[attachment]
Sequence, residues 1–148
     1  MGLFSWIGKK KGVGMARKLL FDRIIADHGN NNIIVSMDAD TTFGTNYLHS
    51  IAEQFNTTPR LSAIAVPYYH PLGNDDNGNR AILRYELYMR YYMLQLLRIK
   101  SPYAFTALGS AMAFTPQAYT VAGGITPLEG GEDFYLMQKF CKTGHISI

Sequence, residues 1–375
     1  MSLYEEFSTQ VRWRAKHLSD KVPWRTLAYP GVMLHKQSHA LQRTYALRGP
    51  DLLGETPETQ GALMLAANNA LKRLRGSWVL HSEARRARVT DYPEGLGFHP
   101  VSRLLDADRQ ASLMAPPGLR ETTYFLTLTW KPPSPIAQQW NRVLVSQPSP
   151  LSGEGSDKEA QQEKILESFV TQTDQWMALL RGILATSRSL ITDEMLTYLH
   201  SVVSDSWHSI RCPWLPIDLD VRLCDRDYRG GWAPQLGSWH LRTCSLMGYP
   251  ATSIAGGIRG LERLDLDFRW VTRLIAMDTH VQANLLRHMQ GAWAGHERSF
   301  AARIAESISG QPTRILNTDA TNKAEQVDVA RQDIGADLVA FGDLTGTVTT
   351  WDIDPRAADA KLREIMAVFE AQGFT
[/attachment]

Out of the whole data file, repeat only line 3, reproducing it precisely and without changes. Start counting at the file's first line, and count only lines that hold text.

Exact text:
    51  IAEQFNTTPR LSAIAVPYYH PLGNDDNGNR AILRYELYMR YYMLQLLRIK